I have harped on the issue of NCLB since I first hit this blog. No one has even blinked. If people are angry over the amount of time and money being spent on sub-groups, specifically ESOL, they need to lobby their congressional representative to NOT re-authorize NCLB. Gaining local control over this issue is the place to start.

    I am curious. What do those who are angry think should be done, knowing the federal mandates? Kids will be in ESOL classes or they will be in regular classes. There are only 2 choices here.

  23. The Patriot (Got E-Verify?) said on 29 Oct 2007 at 9:48 am:
    Flag comment

    GREAT podcast on the Anchor Baby loophole. We must do something about closing that loophole!

  24. The Patriot (Got E-Verify?) said on 29 Oct 2007 at 9:55 am:
    Flag comment

    Here is a petition to sign…it is from the guy who was in the podcast above.

  25. Anonymous said on 29 Oct 2007 at 10:04 am:
    Flag comment

    I found “Turn PW Blue’s” comment at 9:24 particularly elucidating. Up until now I could not understand why the “educational” community was not entirely behind our efforts to repel this invasion of parasites. Now it’s clear. For each parasite, the school gets some chump change to use as it sees fit. For a classroom of 20 ESOL studs, they get $60K (for your dimocrats, that’s 20 X $3000). They hire an ESOL teacher at $40K, and that leaves them $20 K to play with. They think they’re making money on them.

  26. The Patriot (Got E-Verify?) said on 29 Oct 2007 at 10:07 am:
    Flag comment

    Fill out this petition to end birthright citizenship. The guy who was interviewed in the podcast I posted is moving this along. Pass this link along to everyone you know. Once you validate your e-mail you can see the results.

  27. Dolph said on 29 Oct 2007 at 10:30 am:
    Flag comment

    Anonymous (29 Oct 2007 at 10:04 am)

    I have not heard any of the local educational community speak to the issue of illegal immigrants. In fact, to do so would be most inappropriate.

    You obviously have no concept of school budgeting or site based management. There is no money to ‘play around with.’ That ‘playing around’ might involve hiring a part time teacher to reduce class size. School budgets are closely monitored and must meet with approval of the area superintendant.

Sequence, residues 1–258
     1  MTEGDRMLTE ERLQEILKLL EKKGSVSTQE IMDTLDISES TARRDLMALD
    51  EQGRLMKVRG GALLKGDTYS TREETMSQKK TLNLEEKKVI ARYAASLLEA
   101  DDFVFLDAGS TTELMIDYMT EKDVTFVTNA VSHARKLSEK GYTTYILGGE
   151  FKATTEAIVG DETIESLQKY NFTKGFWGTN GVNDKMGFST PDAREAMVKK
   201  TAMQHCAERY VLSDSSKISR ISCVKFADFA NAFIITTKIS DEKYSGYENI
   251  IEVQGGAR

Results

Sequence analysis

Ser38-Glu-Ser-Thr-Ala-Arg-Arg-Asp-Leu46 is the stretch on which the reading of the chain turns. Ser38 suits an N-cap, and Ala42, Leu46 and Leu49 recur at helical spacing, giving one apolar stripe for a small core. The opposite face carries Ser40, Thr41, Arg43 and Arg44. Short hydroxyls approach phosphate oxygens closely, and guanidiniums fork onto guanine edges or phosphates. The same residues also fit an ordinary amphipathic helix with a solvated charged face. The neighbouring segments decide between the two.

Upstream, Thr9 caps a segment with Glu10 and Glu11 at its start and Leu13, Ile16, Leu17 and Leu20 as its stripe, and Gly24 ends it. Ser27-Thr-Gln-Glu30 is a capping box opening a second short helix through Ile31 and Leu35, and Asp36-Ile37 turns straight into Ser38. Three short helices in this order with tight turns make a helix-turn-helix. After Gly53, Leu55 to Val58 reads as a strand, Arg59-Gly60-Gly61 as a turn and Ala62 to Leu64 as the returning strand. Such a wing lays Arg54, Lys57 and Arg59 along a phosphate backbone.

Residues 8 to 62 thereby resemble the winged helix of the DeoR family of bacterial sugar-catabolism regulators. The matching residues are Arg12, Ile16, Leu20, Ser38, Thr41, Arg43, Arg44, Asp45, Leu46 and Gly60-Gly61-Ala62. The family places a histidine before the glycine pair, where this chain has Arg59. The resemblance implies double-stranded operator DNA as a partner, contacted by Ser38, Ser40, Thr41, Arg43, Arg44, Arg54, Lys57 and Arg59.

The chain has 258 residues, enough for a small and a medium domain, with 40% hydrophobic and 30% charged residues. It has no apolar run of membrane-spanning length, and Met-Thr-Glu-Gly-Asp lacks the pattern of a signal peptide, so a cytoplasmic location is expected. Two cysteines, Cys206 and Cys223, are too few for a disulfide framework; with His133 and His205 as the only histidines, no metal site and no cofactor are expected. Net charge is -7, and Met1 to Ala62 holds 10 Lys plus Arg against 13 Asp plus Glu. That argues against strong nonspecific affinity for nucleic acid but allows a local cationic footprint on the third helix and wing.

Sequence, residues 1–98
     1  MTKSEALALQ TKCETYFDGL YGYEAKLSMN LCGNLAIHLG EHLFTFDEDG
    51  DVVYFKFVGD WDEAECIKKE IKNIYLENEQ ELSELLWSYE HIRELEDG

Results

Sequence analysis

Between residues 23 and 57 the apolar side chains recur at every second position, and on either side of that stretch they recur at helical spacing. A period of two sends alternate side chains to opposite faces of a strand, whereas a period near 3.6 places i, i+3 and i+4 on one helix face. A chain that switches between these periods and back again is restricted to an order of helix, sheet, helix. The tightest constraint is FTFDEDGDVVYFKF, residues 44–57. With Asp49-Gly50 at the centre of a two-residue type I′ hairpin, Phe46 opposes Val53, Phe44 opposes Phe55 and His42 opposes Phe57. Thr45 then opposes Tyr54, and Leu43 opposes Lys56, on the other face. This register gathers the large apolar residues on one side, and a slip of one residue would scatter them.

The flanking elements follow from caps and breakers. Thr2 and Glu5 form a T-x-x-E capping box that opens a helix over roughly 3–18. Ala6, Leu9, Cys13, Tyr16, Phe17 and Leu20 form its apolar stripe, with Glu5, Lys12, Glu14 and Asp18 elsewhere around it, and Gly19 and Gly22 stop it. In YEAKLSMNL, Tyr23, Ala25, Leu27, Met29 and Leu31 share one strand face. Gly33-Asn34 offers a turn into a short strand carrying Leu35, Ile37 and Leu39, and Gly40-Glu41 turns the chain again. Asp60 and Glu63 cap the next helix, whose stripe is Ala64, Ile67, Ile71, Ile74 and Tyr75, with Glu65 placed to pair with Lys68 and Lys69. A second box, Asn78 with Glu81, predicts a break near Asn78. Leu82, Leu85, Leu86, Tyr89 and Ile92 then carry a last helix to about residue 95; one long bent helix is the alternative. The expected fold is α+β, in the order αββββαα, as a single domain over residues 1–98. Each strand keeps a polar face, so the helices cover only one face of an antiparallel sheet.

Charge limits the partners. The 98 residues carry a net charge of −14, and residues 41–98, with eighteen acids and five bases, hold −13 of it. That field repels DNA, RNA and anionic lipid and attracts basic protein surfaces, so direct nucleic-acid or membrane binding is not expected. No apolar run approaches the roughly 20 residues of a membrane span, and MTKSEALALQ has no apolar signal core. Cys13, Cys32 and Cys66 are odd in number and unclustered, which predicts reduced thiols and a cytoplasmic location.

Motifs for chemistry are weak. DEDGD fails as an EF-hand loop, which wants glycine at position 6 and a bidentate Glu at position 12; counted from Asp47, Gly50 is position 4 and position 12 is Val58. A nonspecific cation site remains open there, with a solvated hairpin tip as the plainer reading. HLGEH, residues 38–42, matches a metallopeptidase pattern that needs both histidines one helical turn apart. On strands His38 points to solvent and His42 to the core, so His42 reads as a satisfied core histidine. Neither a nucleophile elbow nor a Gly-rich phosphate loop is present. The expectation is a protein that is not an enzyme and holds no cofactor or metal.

You further exibit your ignorance by referring to the ESOL population as ‘parasites.’ While this may be your own personal opinion, please do not use that term here. You cheapen the hard work of many people because outsiders come here and brand everyone as racist when reading remarks like that. I find your words offensive.

  28. Anonymous said on 29 Oct 2007 at 10:49 am:
    Flag comment

    Up until Corey Stewart came on board as chair, the school board had a good working relationship with the BOCS. Drs. Kelly and Walts were able to give input into to the county on what the school system needed. When Stewart was elected last year, that ended. He asked for no input — he ignored them.

  29. monticup said on 29 Oct 2007 at 10:59 am:
    Flag comment

    Dolph–why would it be inappropriate for the ed. community to speak to the issue of illegal immigration? Parents need to know everything that’s going on the the schools. Children of illegal aliens in our schools have an effect on our childrens’ learning. Schools better not withhold information. As far as I’m concerned, ALL information is pertinent.

    Also, I personally never tell a poster what he can or cannot say.

  30. Anonymous said on 29 Oct 2007 at 11:12 am:
    Flag comment

    AWCheney on 29 Oct 2007 at 8:37 am:

    You have to remember that the area’s housing boom in mostly due to the influx during the last 2-3 years of Latino’s who would outbid each other for housing. I used to check the Sunday PWC supplement to the Washpost and probably 75-80 percent of the houses being purchased were by persons with Latino names. These houses were purchased in PWC, Manassas City and Manassas Park. They were willing to pay any price for housing (I make an above average salary) and wondered how they could purchase a 600,000 dollar house. NOW WE KNOW!

  31. Anonymous said on 29 Oct 2007 at 11:29 am:
    Flag comment